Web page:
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Cancer - proof your microwave

Focused on Health - July 2012

microwave food cancerby Laura Nathan-Garner

Does using my microwave cause cancer? That’s a question we hear a lot.

Well, here’s some good news: using your microwave won’t give you cancer. But there are steps you can take to protect yourself and your family from toxic chemicals that can get into the food you microwave.

Here’s what you need to know about microwaving food and cancer risks.

Radiation from microwaves doesn’t raise your risk of cancer

Microwaves use non-ionizing radiofrequency. This low frequency radiation doesn’t have enough energy to directly damage your DNA and form a pre-cancerous cell.

And, that means you won’t get cancer from occasionally standing in front of the microwave when it’s turned on. It also means microwaving your food won’t make your food radioactive.

But always follow the heating instructions that came with your microwave, says the American Cancer Society. Not following these instructions and using your microwave improperly could raise your risk of burns or cataracts.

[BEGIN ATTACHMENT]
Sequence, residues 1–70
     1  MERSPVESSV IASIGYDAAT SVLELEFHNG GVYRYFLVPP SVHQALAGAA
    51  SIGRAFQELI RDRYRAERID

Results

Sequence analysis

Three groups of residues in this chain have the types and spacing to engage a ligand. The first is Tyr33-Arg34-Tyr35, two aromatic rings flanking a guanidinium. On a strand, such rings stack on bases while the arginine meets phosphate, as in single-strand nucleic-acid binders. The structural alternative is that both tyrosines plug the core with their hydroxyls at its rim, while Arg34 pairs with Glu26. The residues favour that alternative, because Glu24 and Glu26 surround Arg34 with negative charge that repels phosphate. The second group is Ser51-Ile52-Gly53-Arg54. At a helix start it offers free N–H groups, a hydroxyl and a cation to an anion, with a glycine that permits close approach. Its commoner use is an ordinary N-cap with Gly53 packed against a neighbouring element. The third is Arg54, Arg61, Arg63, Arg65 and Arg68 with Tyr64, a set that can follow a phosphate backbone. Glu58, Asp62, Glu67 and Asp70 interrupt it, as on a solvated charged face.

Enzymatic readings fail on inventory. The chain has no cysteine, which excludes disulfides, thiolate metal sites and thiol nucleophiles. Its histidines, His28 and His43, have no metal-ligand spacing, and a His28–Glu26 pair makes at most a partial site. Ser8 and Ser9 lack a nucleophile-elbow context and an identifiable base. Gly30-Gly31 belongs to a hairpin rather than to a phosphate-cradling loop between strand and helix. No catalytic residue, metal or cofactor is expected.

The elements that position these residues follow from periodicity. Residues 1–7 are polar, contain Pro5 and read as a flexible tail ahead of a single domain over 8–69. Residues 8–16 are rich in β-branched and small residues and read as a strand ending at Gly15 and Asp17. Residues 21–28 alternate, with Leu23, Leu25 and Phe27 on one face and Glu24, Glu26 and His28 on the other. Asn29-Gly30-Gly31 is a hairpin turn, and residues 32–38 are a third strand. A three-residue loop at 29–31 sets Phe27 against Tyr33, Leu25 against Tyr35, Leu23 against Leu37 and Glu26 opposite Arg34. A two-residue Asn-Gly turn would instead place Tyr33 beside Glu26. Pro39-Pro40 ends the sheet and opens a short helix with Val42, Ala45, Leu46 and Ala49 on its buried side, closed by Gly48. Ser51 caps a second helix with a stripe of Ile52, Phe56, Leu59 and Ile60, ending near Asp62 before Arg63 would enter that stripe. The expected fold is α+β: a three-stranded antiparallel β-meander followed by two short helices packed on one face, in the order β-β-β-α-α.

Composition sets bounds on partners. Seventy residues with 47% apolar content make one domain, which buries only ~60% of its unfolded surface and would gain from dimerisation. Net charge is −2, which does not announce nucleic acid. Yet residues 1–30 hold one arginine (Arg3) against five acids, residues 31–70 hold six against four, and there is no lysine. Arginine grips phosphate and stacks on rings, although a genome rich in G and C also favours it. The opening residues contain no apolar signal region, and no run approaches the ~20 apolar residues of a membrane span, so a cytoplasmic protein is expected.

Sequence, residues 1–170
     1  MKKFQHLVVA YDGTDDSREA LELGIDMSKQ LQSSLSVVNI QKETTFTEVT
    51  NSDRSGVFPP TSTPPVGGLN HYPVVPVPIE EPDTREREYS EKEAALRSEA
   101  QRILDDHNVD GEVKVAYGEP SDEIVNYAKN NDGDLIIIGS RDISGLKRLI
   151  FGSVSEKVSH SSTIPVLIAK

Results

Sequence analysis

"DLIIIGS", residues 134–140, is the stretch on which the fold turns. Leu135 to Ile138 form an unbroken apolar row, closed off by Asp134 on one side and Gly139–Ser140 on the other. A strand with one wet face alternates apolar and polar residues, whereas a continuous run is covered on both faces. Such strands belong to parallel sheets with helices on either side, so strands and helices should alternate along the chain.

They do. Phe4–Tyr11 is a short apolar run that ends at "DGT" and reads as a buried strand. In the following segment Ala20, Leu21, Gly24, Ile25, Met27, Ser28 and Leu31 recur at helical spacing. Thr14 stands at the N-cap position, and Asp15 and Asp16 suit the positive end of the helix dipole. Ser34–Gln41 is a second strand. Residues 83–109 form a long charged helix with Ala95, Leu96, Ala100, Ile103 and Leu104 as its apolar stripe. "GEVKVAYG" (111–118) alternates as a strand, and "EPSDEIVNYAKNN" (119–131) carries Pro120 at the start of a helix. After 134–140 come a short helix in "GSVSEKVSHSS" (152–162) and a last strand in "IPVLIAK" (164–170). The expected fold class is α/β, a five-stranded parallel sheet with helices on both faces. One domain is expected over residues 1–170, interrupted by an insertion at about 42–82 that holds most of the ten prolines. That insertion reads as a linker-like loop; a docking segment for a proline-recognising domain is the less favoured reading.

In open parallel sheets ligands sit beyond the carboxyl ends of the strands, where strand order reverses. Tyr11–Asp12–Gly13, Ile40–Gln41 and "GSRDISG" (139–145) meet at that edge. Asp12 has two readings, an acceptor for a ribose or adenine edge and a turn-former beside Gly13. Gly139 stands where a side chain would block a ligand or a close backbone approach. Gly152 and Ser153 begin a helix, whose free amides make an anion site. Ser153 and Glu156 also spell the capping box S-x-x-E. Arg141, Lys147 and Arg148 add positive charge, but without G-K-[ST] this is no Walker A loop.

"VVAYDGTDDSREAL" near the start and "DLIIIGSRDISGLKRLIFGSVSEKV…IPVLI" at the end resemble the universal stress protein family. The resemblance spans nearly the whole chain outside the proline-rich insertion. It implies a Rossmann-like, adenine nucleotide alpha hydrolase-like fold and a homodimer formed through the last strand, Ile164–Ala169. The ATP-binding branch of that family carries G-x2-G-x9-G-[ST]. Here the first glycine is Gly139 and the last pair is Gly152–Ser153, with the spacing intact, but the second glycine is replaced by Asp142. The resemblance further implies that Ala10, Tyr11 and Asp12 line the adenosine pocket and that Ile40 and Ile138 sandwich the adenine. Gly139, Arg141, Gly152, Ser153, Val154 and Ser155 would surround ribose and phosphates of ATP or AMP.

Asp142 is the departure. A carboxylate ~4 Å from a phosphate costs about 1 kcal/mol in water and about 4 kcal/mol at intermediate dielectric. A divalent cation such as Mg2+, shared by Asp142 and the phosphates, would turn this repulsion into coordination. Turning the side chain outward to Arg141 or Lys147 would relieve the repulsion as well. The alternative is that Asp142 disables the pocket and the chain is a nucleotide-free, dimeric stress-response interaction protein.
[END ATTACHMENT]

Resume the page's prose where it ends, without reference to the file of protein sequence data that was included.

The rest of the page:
microwave food cancerMicrowave food in glass or ceramic containers

No matter what you’re heating or cooking in the microwave, it’s best to avoid using plastic containers. That’s because when you use plastic containers, toxic chemicals like Bisphenol-a (BPA) can get into liquids and food.

And, BPA may raise the risk for breast and prostate cancers. It also may cause reproductive and developmental problems.

Until researchers know more, play it safe by using ceramic or glass containers to microwave and store food.

So, go ahead and microwave your next meal. Just be sure to choose your container wisely.

Related Links
Magnetic Field Exposure and Cancer: Questions and Answers (National Cancer Institute)
Radiation Exposure and Cancer (American Cancer Society)
Radiation: Non-Ionizing and Ionizing (Environmental Protection Agency)
Your Environmental Safety Health Guide (MD Anderson)
Federal Report Looks at Risks from Plastics Chemical (American Cancer Society)

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© 2014 The University of Texas MD Anderson Cancer Center